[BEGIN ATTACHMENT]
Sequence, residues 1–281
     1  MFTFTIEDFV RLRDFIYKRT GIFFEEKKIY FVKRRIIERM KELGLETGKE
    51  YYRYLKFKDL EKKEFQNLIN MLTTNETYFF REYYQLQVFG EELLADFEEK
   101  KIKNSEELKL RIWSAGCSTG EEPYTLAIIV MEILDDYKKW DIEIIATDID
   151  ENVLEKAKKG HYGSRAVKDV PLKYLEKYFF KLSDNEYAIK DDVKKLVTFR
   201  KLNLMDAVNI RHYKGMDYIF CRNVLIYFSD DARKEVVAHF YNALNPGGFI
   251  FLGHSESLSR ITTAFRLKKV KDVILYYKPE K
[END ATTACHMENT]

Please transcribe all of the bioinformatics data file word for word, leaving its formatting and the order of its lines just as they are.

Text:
Sequence, residues 1–281
     1  MFTFTIEDFV RLRDFIYKRT GIFFEEKKIY FVKRRIIERM KELGLETGKE
    51  YYRYLKFKDL EKKEFQNLIN MLTTNETYFF REYYQLQVFG EELLADFEEK
   101  KIKNSEELKL RIWSAGCSTG EEPYTLAIIV MEILDDYKKW DIEIIATDID
   151  ENVLEKAKKG HYGSRAVKDV PLKYLEKYFF KLSDNEYAIK DDVKKLVTFR
   201  KLNLMDAVNI RHYKGMDYIF CRNVLIYFSD DARKEVVAHF YNALNPGGFI
   251  FLGHSESLSR ITTAFRLKKV KDVILYYKPE K